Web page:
Copyright (c) 2009 Wake Forest Law Review Association, Inc.
Wake Forest Law Review
THIRD RESTATEMENT OF TORTS: ISSUE ONE: ARTICLE: SOCIAL VALUE AS A POLICY-BASED LIMITATION OF THE ORDINARY DUTY TO EXERCISE REASONABLE CARE
WAKE FOREST LAW REVIEW
44 Wake Forest L. Rev. 899
Mark A. Geistfeld*
After the writ system was abolished in the mid-nineteenth century, tort law became formulated as a substantive field of liability. The jurisprudence of the time sought to distill general principles from the mass of common-law cases and from those principles derive an internally consistent body of laws. By identifying general principles, courts and scholars showed how the narrowly defined duties of care that had been recognized by the writ system, which were typically defined in terms of status, occupation, and so on, could be reconceptualized in terms of "a universal duty of care owed by persons to their neighbors" growing out of "the civil obligations of those who lived in society." 1 Courts limited the universal duty by the requirement of foreseeability, thereby creating the ordinary duty that continues to be widely recognized today: one whose affirmative conduct creates a foreseeable risk of physical harm has a duty to exercise reasonable care with respect to those who might be foreseeably harmed by the conduct. 2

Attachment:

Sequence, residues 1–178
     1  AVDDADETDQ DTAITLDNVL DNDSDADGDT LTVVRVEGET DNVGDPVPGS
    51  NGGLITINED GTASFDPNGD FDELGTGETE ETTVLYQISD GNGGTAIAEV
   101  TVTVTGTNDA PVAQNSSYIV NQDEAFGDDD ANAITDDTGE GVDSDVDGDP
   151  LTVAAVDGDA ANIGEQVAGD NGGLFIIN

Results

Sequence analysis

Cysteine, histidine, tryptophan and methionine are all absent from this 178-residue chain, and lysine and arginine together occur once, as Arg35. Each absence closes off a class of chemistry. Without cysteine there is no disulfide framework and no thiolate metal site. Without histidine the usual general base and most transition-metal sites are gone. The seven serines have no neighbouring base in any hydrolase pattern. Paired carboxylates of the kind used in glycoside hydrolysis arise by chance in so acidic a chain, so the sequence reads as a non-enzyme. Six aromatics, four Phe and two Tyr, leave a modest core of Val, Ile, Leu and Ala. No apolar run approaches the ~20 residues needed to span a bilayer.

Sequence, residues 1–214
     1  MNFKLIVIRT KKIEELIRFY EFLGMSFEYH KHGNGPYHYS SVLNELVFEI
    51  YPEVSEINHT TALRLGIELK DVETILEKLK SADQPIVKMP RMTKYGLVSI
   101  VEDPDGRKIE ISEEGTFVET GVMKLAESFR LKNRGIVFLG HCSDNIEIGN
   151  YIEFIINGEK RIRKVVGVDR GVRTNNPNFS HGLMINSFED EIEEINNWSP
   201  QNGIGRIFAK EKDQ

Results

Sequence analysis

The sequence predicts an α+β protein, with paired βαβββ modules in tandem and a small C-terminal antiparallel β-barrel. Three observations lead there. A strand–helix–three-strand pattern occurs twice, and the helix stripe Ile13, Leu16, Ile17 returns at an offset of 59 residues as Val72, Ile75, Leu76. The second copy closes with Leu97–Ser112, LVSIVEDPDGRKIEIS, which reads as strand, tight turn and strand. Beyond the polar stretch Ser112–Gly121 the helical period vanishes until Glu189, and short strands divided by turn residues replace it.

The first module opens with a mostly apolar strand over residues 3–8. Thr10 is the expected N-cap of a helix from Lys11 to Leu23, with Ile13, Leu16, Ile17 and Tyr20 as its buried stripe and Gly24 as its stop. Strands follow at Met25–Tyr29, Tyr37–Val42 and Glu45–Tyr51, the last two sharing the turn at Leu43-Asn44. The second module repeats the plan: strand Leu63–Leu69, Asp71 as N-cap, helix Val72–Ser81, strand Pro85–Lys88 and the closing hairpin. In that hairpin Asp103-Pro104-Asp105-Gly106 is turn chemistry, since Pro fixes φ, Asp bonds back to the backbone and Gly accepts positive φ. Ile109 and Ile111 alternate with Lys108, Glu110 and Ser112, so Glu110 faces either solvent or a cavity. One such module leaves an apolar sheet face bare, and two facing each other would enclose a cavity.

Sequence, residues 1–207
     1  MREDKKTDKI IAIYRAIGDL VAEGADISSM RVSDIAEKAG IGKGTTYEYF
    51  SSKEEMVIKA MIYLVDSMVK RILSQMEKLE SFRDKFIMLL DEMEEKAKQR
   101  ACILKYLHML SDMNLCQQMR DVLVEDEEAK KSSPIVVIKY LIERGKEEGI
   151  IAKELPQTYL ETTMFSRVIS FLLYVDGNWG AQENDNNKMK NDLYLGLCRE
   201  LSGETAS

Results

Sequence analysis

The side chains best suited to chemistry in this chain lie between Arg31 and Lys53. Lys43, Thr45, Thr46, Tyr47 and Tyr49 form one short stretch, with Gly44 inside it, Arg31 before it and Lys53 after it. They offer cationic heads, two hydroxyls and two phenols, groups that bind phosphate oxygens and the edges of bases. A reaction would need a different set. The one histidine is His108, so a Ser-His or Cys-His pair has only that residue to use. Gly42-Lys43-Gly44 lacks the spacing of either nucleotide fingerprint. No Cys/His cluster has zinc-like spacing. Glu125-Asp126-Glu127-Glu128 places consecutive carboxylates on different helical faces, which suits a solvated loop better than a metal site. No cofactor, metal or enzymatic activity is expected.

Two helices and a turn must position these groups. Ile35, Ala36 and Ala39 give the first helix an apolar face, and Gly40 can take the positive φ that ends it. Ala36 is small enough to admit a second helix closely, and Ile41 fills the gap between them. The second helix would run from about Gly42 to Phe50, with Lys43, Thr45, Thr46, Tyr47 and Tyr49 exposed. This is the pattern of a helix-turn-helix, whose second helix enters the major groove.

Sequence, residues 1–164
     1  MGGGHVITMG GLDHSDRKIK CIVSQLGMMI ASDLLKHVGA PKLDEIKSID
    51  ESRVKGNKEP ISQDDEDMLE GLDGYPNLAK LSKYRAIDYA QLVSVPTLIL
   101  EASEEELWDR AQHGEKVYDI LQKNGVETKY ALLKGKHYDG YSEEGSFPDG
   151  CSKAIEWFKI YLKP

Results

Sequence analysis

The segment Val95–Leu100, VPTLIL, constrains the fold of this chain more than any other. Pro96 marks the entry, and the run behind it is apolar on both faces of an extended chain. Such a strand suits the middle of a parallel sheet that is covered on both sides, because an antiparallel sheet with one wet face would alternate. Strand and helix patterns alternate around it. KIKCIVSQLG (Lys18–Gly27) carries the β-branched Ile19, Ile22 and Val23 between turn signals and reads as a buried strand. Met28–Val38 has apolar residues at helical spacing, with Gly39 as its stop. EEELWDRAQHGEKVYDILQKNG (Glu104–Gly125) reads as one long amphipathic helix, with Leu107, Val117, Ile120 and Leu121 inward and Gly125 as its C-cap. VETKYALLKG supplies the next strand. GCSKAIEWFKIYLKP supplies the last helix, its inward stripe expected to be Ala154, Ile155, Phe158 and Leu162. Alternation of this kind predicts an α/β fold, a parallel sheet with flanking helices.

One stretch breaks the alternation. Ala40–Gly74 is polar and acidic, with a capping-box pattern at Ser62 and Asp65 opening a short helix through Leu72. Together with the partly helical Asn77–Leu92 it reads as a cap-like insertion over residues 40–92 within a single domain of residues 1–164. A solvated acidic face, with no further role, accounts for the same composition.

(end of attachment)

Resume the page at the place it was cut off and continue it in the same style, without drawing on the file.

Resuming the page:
Having transformed the fragmented, individualized rules of the writ system into a general rule of negligence liability, courts then had to confront the issue of whether many types of unreasonable conduct should be immunized from the newly adopted standard of tort liability. Under the writ system, the characteristic legal rule was not one of negligence or strict liability, but rather one of immunity from liability. 3 Insofar as an immunity had been justified by concerns of public policy, that justification became ...
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